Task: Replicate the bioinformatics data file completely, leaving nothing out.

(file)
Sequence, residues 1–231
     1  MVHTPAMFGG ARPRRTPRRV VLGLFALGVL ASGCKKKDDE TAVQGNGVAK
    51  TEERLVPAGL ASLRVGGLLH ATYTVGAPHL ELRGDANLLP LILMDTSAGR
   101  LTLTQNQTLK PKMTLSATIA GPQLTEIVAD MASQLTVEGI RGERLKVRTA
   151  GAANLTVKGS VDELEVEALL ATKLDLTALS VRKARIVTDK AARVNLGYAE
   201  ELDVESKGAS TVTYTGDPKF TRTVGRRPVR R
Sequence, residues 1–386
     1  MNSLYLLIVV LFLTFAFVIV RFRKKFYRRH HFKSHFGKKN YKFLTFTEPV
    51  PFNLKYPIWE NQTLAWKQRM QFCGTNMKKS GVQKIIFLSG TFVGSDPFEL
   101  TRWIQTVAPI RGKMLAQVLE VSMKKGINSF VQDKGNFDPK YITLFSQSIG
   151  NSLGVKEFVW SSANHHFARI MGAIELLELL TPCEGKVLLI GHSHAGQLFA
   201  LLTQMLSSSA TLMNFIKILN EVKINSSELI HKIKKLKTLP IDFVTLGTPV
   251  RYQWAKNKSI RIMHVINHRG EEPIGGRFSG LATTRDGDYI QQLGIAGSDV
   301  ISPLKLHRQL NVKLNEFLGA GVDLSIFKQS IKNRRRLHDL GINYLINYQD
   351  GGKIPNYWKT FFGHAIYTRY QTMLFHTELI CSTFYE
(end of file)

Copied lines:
Sequence, residues 1–231
     1  MVHTPAMFGG ARPRRTPRRV VLGLFALGVL ASGCKKKDDE TAVQGNGVAK
    51  TEERLVPAGL ASLRVGGLLH ATYTVGAPHL ELRGDANLLP LILMDTSAGR
   101  LTLTQNQTLK PKMTLSATIA GPQLTEIVAD MASQLTVEGI RGERLKVRTA
   151  GAANLTVKGS VDELEVEALL ATKLDLTALS VRKARIVTDK AARVNLGYAE
   201  ELDVESKGAS TVTYTGDPKF TRTVGRRPVR R
Sequence, residues 1–386
     1  MNSLYLLIVV LFLTFAFVIV RFRKKFYRRH HFKSHFGKKN YKFLTFTEPV
    51  PFNLKYPIWE NQTLAWKQRM QFCGTNMKKS GVQKIIFLSG TFVGSDPFEL
   101  TRWIQTVAPI RGKMLAQVLE VSMKKGINSF VQDKGNFDPK YITLFSQSIG
   151  NSLGVKEFVW SSANHHFARI MGAIELLELL TPCEGKVLLI GHSHAGQLFA
   201  LLTQMLSSSA TLMNFIKILN EVKINSSELI HKIKKLKTLP IDFVTLGTPV
   251  RYQWAKNKSI RIMHVINHRG EEPIGGRFSG LATTRDGDYI QQLGIAGSDV
   301  ISPLKLHRQL NVKLNEFLGA GVDLSIFKQS IKNRRRLHDL GINYLINYQD
   351  GGKIPNYWKT FFGHAIYTRY QTMLFHTELI CSTFYE